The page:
Vitamin B-6 status was assessed by measuring erythrocyte glutamic-pyruvic transaminase (EGPT) indices in 122 pregnant Hispanic teenagers. Seventeen percent were vitamin B-6 deficient (EGPT indices greater than 1.25) at the initial interview (first or second trimester). A daily supplement of 5 mg vitamin B-6, beginning at initial interview, did not reduce prevalence of vitamin B-6 deficiency at final interview (third trimester). No association was found between EGPT indices greater than 1.25 and the outcome of pregnancy. The activity of diamine oxidase (DAO), a vitamin B-6-dependent enzyme produced by the placental decidua, was measured in maternal plasma. At initial and final interviews, plasma-DAO activity was increased by in vitro addition of pyridoxal-5'-phosphate. The activity in early pregnancy was positively associated with dietary vitamin B-6 intake and was lower in teenagers with EGPT indices greater than 1.25 at the final interview. Findings suggest that plasma-DAO activity is influenced by vitamin B-6 status.

Mast cell activation disease: a concise practical guide for diagnostic workup and therapeutic options.
            (Molderings et al., 2011) Download
Mast cell activation disease comprises disorders characterized by accumulation of genetically altered mast cells and/or abnormal release of these cells' mediators, affecting functions in potentially every organ system, often without causing abnormalities in routine laboratory or radiologic testing. In most cases of mast cell activation disease, diagnosis is possible by relatively non-invasive investigation. Effective therapy often consists simply of antihistamines and mast cell membrane-stabilising compounds supplemented with medications targeted at specific symptoms and complications. Mast cell activation disease is now appreciated to likely be considerably prevalent and thus should be considered routinely in the differential diagnosis of patients with chronic multisystem polymorbidity or patients in whom a definitively diagnosed major illness does not well account for the entirety of the patient's presentation.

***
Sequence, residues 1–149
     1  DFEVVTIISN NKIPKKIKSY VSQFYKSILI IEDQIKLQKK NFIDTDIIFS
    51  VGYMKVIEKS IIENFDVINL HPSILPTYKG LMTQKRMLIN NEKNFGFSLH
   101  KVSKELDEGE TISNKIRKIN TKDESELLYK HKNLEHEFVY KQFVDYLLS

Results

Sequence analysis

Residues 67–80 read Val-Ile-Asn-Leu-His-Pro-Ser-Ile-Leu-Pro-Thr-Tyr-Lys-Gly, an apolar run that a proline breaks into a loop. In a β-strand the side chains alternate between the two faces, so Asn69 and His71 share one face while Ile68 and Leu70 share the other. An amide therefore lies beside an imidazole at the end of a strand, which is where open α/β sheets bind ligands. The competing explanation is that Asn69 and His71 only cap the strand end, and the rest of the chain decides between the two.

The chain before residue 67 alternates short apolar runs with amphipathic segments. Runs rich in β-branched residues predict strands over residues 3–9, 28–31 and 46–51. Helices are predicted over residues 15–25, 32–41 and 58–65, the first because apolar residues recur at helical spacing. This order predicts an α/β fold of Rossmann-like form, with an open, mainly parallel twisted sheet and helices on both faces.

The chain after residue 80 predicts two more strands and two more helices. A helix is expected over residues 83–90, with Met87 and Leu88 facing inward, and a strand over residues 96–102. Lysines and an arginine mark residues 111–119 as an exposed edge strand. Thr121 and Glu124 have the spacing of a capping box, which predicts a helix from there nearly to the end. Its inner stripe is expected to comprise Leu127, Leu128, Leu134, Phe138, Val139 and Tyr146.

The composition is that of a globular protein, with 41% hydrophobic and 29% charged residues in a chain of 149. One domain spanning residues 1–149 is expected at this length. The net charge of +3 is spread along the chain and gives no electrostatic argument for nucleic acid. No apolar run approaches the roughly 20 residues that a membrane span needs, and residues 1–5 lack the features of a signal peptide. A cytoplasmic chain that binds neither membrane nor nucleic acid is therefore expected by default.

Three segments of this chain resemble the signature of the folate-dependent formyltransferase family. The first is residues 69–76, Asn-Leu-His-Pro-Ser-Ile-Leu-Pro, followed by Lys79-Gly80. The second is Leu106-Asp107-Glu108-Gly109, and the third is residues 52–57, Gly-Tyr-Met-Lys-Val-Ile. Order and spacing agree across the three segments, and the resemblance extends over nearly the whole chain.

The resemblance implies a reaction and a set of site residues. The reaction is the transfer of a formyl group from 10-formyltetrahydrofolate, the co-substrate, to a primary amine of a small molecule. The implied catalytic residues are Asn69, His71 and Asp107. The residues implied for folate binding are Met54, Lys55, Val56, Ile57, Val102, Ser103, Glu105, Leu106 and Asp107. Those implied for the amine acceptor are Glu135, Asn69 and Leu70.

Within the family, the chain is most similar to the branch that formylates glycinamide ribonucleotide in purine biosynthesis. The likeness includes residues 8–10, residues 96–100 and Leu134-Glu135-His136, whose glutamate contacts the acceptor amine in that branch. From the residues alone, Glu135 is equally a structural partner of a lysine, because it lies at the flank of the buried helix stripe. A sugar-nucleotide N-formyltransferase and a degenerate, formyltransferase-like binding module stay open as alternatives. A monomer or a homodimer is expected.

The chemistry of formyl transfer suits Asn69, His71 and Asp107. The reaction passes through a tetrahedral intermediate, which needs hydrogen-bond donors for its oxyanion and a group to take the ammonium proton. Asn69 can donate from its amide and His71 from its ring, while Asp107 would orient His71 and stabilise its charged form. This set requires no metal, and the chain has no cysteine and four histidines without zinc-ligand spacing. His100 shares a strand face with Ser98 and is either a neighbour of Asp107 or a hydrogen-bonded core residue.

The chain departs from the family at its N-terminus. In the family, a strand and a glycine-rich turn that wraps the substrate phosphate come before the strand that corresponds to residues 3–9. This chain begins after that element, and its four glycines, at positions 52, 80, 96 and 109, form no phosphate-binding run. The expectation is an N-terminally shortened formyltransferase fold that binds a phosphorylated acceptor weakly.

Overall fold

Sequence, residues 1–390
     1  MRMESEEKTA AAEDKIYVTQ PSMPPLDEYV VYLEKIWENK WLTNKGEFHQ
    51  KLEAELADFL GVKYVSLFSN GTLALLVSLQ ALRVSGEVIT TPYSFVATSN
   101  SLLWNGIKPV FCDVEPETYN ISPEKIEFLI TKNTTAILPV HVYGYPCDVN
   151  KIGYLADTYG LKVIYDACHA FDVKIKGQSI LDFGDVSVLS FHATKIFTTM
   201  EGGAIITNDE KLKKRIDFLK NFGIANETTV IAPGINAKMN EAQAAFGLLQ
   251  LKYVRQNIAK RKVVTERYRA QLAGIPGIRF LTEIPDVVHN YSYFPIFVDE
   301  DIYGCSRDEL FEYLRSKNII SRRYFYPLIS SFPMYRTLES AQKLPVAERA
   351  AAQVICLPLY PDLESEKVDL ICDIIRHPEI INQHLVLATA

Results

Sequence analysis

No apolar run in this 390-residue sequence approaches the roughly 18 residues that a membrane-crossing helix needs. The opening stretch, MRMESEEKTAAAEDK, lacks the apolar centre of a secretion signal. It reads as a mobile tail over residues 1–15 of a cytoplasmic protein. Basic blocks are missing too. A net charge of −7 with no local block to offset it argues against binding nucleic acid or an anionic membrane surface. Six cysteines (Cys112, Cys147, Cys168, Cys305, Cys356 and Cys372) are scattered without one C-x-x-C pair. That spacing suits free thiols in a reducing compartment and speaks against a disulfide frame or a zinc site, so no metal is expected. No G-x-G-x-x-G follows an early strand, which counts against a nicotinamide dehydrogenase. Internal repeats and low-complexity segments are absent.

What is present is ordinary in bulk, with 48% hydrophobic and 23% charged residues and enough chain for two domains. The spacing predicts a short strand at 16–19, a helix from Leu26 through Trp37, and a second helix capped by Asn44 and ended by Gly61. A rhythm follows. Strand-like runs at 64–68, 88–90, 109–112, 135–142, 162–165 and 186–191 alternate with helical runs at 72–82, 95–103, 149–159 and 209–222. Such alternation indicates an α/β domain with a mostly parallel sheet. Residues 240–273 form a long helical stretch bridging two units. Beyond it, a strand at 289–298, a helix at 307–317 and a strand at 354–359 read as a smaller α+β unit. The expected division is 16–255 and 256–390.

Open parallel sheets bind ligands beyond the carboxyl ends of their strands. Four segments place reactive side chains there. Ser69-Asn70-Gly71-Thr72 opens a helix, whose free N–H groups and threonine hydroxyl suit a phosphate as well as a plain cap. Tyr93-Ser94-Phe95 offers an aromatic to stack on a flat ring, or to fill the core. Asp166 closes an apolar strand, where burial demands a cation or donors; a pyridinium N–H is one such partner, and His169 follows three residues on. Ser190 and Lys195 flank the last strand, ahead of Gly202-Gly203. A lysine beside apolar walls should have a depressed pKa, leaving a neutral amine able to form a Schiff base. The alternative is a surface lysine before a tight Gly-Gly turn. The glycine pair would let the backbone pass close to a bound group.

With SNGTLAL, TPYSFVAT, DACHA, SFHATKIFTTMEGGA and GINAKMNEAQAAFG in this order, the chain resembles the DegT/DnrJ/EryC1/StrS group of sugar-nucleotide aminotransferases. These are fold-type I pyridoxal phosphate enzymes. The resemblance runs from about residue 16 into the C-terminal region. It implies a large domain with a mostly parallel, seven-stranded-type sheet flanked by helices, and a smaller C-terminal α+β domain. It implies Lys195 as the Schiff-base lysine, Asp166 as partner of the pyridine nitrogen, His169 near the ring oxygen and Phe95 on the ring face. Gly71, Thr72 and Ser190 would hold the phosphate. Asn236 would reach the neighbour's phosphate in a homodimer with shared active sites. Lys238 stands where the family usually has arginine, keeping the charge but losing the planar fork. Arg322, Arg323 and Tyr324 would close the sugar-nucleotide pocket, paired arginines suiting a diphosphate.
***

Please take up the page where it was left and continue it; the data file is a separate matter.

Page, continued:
Effect of ascorbic acid on detoxification of histamine under stress conditions.
            (Nandi et al., 1974) Download
A variety of stress conditions, namely, administration of vaccines, toxoids and dietary and physical stress in rats and guinea pigs led to an enhanced histamine formation or release in the system. Administration of large doses of ascorbic acid in any of the stressful situations resulted in a marked decrease in the urinary histamine level indicating detoxification of histamine in vivo. In the guinea pig, the utilization of ascorbic acid was significantly increased in different histamine forming or histamine releasing stress conditions.

Localization of histaminase to the specific granule of the human neutrophil.
            (Ringel et al., 1984) Download
The release of histaminase, a diamine oxidase of the human neutrophil, is initiated by soluble secretagogues. Histaminase is simultaneously inactivated by the reactive oxygen intermediates generated by the respiratory burst. Thus, quantitative assessment of histaminase release relative to other granule markers is best achieved in the presence of superoxide dismutase and catalase. Human neutrophils activated with secretagogues preferential for the specific granule, such as calcium ionophore A23187 in a limited concentration, phorbol myristate acetate (PMA), formyl-methionyl-leucylphenylalanine (fMLP), and concanavalin A, release vitamin B12-binding protein, lysozyme, and histaminase but not beta glucuronidase. PMA activation in the presence of cytochalasin B augments the release of lysozyme and initiates the release of beta glucuronidase through recruitment of the azurophilic granule but has no incremental effect on the release of vitamin B12-binding protein and histaminase observed with PMA alone. Subcellular fractionation of resting neutrophils by sucrose density gradient centrifugation to separate specific granules from two classes of azurophilic granules selectively distributes vitamin B12-binding protein and histaminase to the specific granule fractions.

Role of L-ascorbic acid on detoxification of histamine.
            (Subramanian et al., 1973) Download